Steven Hustad was only 3 years old at the time, but he can still remember details of the five-day photo shoot of his family’s home for Life magazine in the summer of 1958.
“The photographer, Gordon Parks, was stuffing towels under the bathroom door so he could develop film,” he recalled. Steven’s mother, Jeanne Hustad, told him to pick up his toys before Parks started shooting. “I forgot,” he confessed, “and they ended up in some of the photos.”
Steven’s architect father, Donald Hustad, had designed and built the 1958 stucco multi-level for his family in Minnetonka (the area was part of Wayzata back then) for $34,000.
The magazine spread described the innovative dwelling as “a clever blend of practical design and rich imagination.” It was one of six modern houses in different cities showcased in an article about livability.
The Hustad home’s striking exterior features a roof composed of six barrel vaults defined by curved archways and glass. “My dad designed the unusual roof construction so the barrel vaults were the main visual feature,” said Steven. Visitors walk from the driveway and across a short bridge to get to the front entry.
Inside, the home is divided into three split levels — the bedrooms on top, living room in the middle by the front door, and the family room, dining room and kitchen on the bottom. Donald came up with that floor plan so the dwelling would sit comfortably on the steep-sloped wooded site.
Modern open-tread staircases create a visual connection between the levels. And the living room’s expansive wall of glass faces wetlands. In the family room, Donald cut out an open counter to the kitchen where the kids could eat; that also doubles as a bar for adult parties, a popular feature in many homes today.
“Modernist architecture was his forte,” said Steven, who, like his father, graduated from the University of Minnesota School of Architecture and now works for U.S. Postal Service Facilities. “The home inspired me to follow in his footsteps.”
When they lived there as kids, Steven and his sister, Tracy, would climb on the outside iron balconies between their bedrooms, and run around the airy and open levels.
As a teenager, “I was annoyed because I couldn’t sleep in on Saturday mornings because the sun would blast through the arched windows,” recalled Steven. “I had to put cardboard across.”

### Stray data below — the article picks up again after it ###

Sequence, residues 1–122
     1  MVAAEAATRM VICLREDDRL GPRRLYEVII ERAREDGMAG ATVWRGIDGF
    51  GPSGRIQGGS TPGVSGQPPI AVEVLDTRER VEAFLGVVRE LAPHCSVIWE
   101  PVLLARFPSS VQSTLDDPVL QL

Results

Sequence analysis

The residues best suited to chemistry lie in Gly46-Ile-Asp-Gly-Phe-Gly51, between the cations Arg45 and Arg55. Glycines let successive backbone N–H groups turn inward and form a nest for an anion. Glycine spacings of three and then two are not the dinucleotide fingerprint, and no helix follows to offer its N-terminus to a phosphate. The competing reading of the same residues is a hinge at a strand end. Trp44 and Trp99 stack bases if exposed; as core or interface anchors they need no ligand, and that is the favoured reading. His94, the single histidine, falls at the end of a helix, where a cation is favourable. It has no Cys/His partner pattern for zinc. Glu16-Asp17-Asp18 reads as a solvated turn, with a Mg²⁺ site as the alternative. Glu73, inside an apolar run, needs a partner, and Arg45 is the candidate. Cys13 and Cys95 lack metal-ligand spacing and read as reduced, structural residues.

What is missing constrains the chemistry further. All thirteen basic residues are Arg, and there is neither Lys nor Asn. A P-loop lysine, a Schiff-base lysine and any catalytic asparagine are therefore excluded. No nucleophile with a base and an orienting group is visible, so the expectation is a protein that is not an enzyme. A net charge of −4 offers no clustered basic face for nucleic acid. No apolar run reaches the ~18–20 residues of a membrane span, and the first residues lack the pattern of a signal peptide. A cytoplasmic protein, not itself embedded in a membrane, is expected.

Steven eventually realized he lived in a one-of-a-kind house — at least for the western suburbs. “My friends would always tell me it was a neat house,” he said. “It was so open compared to their closed-off colonials.”
And there was no doubt it was unique when tour buses would slowly drive down the street after the Life magazine accolades, “which upset my mother,” he said.
Jeanne Hustad died in 1995, and Donald Hustad lived in the home until he moved to an assisted-living residence last spring.
The 2,200-square-foot house remains a 1950s time capsule with few modifications over the years. Donald added a garage, which echoes the style of the home, and replaced the foyer’s cork floor with slate. And since there was only one bathroom on the bedroom level, Donald had a vanity and sink installed inside Tracy and Steven’s rooms.
“He did minimal changes,” said Steven. “He was satisfied with the way it was.”
Donald agreed. “Every space has its own use,” he said. “The way it was built really shows its strength.”
However, after more than five decades, the house required some major work, such as roof and structural repairs and a rebuilt bridge, which replicates the original. Now that the home is on the market, Steven noted that a buyer may want to overhaul it to make it relevant for today.
“But midcentury modern design is so popular. People who are attracted to that kind of house are more inclined to preserve and maintain it,” he said.
Brad Palecek of Edina Realty has the listing, www.bradpalecek.com, 612-839-6029.